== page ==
Like any good sequel, 1996 will try to top the 1995 original. There'll be even bigger budget battles, more provider uncertainty, and a presidential election thrown in for good measure.
Dragging on early this year will be the federal government's great unfinished business-the seven-year balanced-budget plan that is still being negotiated by congressional Republicans and the White House. Like last year, that will mean more uncertainty as providers scramble to deal with slower payment growth and position themselves to compete in a Medicare marketplace already roiled by managed care.
Budget impasse. One incipient 1995 story line that will be completely played out in the 1996 sequel is the presidential election. With two of the three primary budget negotiators, Senate Majority Leader Bob Dole (R-Kan.) and President Clinton, in the race, the budget and the election are intertwined as never before.
Opinions vary on whether the election makes it more or less likely that a budget agreement will be reached in 1996.
"I think both sides are going to stick to their positions until somebody's poll numbers go through the floor," said James Scott, president of the American Healthcare Systems/Premier Institute. "If that doesn't happen, they will both be happy to take it to the American people and see if someone can articulate their position well enough to make a real difference."
But others say both parties' nominees will want to go into the election with the budget issue behind them.
"Neither side can afford to be seen as not able to pass a budget," said Jack Bresch, director of government relations for the Catholic Health Association.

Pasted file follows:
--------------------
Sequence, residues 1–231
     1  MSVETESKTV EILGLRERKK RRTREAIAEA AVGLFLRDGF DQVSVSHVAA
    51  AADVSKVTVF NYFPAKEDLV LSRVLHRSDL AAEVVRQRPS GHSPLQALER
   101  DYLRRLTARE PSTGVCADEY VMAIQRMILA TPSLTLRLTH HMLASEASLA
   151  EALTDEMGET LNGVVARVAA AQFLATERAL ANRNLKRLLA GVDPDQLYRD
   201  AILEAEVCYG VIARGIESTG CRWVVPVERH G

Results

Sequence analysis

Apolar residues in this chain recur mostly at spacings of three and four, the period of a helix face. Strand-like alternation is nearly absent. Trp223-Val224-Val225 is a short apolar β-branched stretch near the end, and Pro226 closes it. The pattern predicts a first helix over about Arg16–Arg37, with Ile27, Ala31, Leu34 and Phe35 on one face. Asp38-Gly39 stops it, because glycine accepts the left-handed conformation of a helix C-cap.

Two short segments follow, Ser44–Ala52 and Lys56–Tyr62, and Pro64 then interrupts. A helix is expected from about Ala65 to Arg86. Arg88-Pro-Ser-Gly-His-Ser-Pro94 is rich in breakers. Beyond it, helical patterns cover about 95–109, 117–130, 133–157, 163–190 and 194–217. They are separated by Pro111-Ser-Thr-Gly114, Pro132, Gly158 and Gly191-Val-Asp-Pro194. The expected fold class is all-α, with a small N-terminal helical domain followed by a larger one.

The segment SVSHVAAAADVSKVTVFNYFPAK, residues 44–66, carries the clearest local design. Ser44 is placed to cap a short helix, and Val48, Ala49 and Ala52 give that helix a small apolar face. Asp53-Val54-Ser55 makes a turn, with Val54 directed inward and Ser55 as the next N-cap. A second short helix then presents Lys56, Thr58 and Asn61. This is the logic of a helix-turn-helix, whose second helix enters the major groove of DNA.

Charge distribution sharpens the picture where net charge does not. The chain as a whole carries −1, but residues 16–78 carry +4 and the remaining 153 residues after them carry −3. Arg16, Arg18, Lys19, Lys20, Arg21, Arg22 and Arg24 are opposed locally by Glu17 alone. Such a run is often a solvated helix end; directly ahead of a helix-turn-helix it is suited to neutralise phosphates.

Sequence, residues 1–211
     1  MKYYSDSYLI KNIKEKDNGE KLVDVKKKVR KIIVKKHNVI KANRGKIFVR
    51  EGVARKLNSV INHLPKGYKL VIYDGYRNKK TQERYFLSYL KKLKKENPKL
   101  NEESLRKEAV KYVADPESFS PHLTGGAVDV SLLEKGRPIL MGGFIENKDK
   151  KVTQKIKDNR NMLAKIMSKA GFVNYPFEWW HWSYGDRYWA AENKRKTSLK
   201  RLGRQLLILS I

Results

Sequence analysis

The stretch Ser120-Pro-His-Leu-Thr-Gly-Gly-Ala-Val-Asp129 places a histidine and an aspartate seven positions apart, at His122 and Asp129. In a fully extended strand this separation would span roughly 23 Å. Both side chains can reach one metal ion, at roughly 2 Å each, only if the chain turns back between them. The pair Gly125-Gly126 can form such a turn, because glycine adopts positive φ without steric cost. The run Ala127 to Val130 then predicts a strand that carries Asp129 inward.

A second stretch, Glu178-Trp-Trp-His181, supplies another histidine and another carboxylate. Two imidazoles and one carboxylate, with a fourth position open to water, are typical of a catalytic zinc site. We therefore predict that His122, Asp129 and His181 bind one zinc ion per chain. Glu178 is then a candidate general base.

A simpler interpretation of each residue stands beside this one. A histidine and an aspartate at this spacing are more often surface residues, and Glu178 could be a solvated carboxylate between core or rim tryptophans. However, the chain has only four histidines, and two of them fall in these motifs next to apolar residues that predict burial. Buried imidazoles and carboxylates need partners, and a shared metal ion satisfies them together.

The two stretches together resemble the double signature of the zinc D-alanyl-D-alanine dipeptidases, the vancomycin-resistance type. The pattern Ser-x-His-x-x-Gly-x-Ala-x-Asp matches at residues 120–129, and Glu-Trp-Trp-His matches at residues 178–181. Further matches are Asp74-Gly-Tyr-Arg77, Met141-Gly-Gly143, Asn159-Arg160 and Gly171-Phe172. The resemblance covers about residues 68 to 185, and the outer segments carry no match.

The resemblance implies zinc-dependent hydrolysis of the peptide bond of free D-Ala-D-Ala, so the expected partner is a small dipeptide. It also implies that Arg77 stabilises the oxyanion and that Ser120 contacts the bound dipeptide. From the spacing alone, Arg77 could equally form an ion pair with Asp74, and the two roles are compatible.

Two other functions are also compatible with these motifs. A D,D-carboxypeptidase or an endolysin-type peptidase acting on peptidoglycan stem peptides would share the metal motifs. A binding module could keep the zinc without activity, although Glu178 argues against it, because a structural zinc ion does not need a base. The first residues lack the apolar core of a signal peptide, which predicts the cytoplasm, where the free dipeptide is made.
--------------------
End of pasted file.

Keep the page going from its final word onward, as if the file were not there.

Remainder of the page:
Medicare reform debate.All 1995's other blockbuster issues are guaranteed to be reprised in 1996. For providers, that means the issue of provider-sponsored networks will be back.
Under all three of the major budget plans that have been introduced, provider networks would be allowed to contract directly with Medicare to enroll beneficiaries in managed-care plans. Networks would be made up of a combination of physicians, hospitals, nursing homes and other providers. How those provider groups would be formed and regulated became one of the most contentious issues in the Medicare reform debate last year.
"We are moving on the assumption that there will be provisions for (provider-sponsored networks) of some form included in the final budget," said Richard Pollack, executive vice president of the American Hospital Association. "Hospitals have to be preparing themselves for that eventuality and to move quickly when it happens."
If a budget bill is passed early in the year, it will likely take effect in early 1997. That means Medicare beneficiaries will be making decisions on whether to join a managed-care plan during an open-enrollment period that will start late in 1996.